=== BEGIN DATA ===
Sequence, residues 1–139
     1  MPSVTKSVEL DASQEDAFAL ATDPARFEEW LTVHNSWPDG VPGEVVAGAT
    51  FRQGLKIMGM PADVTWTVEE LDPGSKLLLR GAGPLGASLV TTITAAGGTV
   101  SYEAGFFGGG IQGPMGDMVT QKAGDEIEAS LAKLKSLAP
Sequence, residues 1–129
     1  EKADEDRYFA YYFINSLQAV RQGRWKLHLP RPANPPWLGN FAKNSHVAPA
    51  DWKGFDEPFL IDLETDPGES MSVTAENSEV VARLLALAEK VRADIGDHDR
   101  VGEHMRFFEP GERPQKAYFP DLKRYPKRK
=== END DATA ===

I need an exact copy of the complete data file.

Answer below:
Sequence, residues 1–139
     1  MPSVTKSVEL DASQEDAFAL ATDPARFEEW LTVHNSWPDG VPGEVVAGAT
    51  FRQGLKIMGM PADVTWTVEE LDPGSKLLLR GAGPLGASLV TTITAAGGTV
   101  SYEAGFFGGG IQGPMGDMVT QKAGDEIEAS LAKLKSLAP
Sequence, residues 1–129
     1  EKADEDRYFA YYFINSLQAV RQGRWKLHLP RPANPPWLGN FAKNSHVAPA
    51  DWKGFDEPFL IDLETDPGES MSVTAENSEV VARLLALAEK VRADIGDHDR
   101  VGEHMRFFEP GERPQKAYFP DLKRYPKRK